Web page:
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Re: CO2 and low light

On Mon, 10 Apr 2000, Ivo Busko wrote:

Quoting Mike Grace:

> > Greetings,
> >
> > Quick question.  Is there any reason NOT to add CO2 to a low light (1.5
> > w/gal) tank?
> >
> > Mike

Ivo said:

> I believe it has to do with the compensation point. That is, the light
> level at which the amounts of CO2 consumed in photosynthesis and produced
> by respiration balance out. Below that point the plant will produce more CO2
> than consume, so there is no point in adding extra CO2. Of course, this
> compensation would be extremely variable from species to species, and perhaps
> would depend on other environmental conditions as well.

Way back in Dec. '98 I think it was, Ole Larson summarized some findings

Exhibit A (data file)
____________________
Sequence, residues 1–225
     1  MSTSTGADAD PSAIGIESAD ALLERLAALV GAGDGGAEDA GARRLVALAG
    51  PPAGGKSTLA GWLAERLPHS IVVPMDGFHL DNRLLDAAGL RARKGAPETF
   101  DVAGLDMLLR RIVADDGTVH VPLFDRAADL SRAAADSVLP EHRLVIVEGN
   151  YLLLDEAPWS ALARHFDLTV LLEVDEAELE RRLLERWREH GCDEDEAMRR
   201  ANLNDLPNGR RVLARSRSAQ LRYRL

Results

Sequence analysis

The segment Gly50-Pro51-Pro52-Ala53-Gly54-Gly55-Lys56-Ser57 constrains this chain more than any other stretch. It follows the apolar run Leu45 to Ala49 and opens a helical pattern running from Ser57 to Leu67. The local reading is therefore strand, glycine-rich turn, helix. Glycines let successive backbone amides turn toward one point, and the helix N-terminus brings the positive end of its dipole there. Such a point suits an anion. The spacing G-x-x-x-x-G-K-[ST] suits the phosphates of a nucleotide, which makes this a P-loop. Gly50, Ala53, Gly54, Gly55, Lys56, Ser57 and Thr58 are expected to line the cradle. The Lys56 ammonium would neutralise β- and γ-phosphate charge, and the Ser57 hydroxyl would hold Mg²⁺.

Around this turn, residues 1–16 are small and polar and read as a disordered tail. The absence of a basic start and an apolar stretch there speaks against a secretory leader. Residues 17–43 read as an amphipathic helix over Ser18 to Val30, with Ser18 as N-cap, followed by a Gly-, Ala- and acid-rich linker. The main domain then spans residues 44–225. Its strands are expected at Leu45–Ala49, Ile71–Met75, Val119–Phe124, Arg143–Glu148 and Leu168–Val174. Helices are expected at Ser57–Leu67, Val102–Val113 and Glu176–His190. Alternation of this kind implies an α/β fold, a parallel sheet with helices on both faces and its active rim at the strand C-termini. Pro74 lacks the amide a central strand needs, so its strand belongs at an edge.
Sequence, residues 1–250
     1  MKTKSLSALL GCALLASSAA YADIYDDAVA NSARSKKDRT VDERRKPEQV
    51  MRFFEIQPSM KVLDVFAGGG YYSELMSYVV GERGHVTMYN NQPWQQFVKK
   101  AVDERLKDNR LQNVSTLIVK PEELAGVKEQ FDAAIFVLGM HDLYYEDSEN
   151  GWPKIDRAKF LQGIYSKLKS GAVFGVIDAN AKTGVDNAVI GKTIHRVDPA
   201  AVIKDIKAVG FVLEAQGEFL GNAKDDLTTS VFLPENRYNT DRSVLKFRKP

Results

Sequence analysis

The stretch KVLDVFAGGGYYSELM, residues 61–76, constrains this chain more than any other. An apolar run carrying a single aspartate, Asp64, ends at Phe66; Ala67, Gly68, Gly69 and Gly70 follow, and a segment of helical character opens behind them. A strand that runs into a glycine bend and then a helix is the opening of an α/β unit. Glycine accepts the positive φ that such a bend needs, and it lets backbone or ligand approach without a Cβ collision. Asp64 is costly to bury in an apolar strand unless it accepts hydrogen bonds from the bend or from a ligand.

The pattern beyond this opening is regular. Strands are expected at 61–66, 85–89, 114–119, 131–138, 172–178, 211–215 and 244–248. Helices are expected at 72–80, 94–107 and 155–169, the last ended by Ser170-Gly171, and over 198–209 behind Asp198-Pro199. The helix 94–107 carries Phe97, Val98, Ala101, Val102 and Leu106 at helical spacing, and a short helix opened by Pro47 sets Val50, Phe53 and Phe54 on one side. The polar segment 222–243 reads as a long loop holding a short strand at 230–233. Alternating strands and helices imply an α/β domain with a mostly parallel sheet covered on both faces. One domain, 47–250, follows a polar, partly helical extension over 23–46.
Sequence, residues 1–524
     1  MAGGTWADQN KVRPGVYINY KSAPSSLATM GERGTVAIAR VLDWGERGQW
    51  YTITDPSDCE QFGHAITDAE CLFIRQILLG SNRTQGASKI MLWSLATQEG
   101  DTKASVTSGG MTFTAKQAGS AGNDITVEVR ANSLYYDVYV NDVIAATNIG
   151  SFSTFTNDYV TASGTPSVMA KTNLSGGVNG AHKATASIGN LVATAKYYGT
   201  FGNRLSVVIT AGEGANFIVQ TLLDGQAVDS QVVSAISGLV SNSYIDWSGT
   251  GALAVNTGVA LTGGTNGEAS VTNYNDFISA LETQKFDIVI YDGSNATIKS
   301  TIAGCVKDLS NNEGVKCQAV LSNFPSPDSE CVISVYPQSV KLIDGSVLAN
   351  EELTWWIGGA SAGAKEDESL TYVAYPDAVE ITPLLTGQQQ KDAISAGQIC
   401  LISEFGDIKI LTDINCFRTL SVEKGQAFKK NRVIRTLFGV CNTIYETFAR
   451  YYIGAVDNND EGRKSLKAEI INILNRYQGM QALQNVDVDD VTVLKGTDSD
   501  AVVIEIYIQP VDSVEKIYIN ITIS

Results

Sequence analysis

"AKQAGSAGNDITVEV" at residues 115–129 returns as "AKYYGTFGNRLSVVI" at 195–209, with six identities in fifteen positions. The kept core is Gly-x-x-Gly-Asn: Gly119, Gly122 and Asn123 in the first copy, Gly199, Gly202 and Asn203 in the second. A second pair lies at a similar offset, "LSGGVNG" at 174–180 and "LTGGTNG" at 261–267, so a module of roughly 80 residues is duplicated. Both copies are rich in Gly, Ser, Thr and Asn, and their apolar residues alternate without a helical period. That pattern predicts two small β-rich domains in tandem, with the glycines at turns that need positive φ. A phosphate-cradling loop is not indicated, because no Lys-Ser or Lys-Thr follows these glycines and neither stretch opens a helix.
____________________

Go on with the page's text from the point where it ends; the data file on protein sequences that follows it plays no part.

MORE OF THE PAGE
by Ole Pederson at Tropica; someone (Adam Novitt?) brought the same
subject up recently in the context of things that Claus Christensen said
while he was speaking in this country.

It seems that the compensation point can be lowered by adding CO2.  There
is a process called photorespiration that reduces plants' light-use
efficiency.  Increasing the CO2 concentration in the water decreases the
amount of photorespiration and increases the amount of benefit that plants
can get from low light levels.

In short, plants that fail to grow or simply die under low light and low
CO2 may live and even grow under the same light with CO2 added.

So there is a reason to provide CO2 to plants under low light.  I guess
that falls under the heading of environmental conditions that effect the
compensation point.

Roger Miller